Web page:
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High-Altitude Balloon Tracker Does Landing Prediction With Pi Pico

[Dave Akerman]’s ongoing high altitude balloon (HAB) work is outstanding, and we’re all enriched by the fact that he documents his work like he does. Recently, [Dave] wrote about his balloon tracker based on the Raspberry Pi Pico, whose capabilities brought a couple interesting features to the table.

In a way, HAB trackers have a fairly simple job: read sensors such as GPS and constantly relay that data to someone on the ground so that the balloon’s location can be tracked, and the hardware recovered when it ultimately returns to Earth. There are a lot of different ways to do this tracking, and one thing [Dave] enjoys is getting his hands on a new board and making a HAB tracker out of it. That’s exactly what he has done with the Raspberry Pi Pico.

Nothing builds familiarity like actually using a part, and the Pico had some useful things to contribute to a HAB tracker application. For one thing, the Pico has an onboard buck-boost converter that allows it to be powered from a relatively wide voltage range (~1.8 V to 5.5 V), so running it directly from batteries is both possible and desirable from a tracker perspective. But a really useful feature was possible thanks to the large amount of memory on the Pico: dynamic landing prediction.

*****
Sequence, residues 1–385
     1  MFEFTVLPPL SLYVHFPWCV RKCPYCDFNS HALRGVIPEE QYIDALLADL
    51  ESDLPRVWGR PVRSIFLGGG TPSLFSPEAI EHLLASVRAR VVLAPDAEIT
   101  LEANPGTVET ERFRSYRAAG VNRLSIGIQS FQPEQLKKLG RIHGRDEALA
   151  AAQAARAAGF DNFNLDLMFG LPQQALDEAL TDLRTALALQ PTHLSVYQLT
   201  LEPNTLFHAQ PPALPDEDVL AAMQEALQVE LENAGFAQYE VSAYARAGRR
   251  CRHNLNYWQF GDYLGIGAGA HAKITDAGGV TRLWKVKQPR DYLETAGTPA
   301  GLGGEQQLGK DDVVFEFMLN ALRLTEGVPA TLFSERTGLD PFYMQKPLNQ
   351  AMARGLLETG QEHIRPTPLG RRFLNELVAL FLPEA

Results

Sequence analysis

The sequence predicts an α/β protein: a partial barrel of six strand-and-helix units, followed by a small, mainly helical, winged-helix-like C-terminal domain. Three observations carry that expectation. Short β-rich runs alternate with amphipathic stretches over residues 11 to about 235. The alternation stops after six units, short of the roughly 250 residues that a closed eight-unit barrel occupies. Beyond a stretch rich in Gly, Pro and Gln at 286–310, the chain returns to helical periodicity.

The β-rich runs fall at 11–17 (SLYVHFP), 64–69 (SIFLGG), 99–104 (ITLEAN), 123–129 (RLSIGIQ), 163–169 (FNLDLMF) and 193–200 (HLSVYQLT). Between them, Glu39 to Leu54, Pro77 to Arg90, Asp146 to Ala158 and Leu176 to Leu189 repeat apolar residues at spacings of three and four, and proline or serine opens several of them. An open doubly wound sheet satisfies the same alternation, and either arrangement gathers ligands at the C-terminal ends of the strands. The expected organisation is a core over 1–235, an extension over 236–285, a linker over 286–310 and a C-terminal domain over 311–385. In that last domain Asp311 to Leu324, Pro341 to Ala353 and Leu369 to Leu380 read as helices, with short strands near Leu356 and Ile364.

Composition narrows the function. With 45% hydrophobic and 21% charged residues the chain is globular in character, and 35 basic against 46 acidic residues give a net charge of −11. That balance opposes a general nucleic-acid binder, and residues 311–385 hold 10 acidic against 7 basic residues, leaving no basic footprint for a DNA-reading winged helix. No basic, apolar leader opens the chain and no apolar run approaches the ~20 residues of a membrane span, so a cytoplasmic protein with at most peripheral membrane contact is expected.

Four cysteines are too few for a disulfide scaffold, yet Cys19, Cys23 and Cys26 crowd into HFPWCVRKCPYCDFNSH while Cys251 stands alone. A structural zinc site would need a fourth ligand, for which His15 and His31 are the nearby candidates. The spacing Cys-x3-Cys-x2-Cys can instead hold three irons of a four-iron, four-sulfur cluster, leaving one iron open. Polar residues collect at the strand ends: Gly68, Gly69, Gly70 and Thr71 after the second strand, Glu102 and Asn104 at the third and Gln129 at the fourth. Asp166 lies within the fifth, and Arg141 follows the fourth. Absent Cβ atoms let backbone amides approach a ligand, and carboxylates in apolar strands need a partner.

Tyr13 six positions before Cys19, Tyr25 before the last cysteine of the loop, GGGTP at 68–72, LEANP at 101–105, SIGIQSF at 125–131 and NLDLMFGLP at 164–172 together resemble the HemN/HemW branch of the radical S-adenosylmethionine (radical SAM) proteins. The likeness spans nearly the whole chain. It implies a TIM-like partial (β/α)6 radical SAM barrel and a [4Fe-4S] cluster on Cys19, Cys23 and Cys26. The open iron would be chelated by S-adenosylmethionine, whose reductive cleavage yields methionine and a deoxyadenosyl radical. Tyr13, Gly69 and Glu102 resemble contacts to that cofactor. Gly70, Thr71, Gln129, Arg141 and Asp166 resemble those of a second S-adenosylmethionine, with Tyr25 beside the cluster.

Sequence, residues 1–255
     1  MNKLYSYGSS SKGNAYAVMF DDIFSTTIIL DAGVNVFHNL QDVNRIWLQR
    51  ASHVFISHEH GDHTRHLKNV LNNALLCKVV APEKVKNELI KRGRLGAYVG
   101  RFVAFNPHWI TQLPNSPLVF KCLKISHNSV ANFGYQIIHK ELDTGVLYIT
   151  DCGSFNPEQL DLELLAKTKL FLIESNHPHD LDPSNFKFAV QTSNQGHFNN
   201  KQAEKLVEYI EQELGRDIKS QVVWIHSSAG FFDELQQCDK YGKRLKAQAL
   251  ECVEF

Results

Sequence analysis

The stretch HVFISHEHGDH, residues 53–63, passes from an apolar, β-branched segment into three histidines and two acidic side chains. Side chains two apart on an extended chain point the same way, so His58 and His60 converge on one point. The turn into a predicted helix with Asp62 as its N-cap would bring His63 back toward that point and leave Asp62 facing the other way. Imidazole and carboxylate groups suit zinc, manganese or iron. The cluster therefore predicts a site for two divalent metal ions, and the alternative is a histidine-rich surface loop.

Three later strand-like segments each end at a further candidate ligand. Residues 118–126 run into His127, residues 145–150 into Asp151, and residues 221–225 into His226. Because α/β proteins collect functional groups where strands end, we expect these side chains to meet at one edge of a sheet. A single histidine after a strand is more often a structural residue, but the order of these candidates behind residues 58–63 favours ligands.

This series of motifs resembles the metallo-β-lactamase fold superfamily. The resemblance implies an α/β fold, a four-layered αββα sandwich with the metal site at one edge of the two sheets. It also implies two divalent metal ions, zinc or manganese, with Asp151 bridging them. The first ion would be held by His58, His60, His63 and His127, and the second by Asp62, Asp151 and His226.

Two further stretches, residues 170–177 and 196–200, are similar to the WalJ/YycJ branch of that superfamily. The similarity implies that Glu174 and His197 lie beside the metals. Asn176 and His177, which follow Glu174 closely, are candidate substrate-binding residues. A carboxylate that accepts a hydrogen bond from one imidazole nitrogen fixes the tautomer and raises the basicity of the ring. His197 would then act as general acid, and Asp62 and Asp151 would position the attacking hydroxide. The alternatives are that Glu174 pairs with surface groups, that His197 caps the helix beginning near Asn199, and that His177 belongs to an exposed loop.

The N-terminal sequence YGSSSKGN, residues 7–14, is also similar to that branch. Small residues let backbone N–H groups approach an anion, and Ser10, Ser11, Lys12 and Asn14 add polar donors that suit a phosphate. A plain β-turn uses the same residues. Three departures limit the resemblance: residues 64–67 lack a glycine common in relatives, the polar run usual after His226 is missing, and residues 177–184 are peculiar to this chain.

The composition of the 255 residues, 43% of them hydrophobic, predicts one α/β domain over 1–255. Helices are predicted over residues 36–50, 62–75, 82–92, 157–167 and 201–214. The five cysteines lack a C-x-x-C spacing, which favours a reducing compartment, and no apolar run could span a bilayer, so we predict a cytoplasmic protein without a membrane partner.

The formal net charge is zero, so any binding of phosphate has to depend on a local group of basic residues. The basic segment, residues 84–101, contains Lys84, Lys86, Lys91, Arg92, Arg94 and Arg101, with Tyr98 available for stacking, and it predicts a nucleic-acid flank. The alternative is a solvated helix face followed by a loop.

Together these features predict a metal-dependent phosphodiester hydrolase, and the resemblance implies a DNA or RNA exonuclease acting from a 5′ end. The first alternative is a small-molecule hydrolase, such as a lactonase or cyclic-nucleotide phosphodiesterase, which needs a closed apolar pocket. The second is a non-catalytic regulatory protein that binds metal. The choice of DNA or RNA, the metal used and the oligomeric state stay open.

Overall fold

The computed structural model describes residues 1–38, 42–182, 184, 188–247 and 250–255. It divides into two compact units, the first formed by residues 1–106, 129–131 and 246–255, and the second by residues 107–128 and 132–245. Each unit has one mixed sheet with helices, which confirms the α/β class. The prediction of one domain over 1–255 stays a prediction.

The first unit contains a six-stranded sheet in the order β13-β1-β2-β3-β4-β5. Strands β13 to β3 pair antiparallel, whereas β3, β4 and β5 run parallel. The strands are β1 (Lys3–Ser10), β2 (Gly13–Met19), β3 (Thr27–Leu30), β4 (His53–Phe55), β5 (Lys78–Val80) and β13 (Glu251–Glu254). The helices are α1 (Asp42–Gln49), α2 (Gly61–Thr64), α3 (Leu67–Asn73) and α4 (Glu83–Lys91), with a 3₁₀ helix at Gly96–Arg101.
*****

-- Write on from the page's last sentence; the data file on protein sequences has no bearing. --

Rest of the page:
[Dave] does landing prediction prior to launch based on environmental conditions, but it’s always better if the HAB tracker can also calculate its own prediction based on actual observed events and conditions. A typical microcontroller board like an Arduino doesn’t have enough memory to store the required data upon which to do such calculations, but the Pico does so easily. [Dave]’s new board transmits an updated landing site prediction along with all the rest of the telemetry, making the retrieval process much more reliable.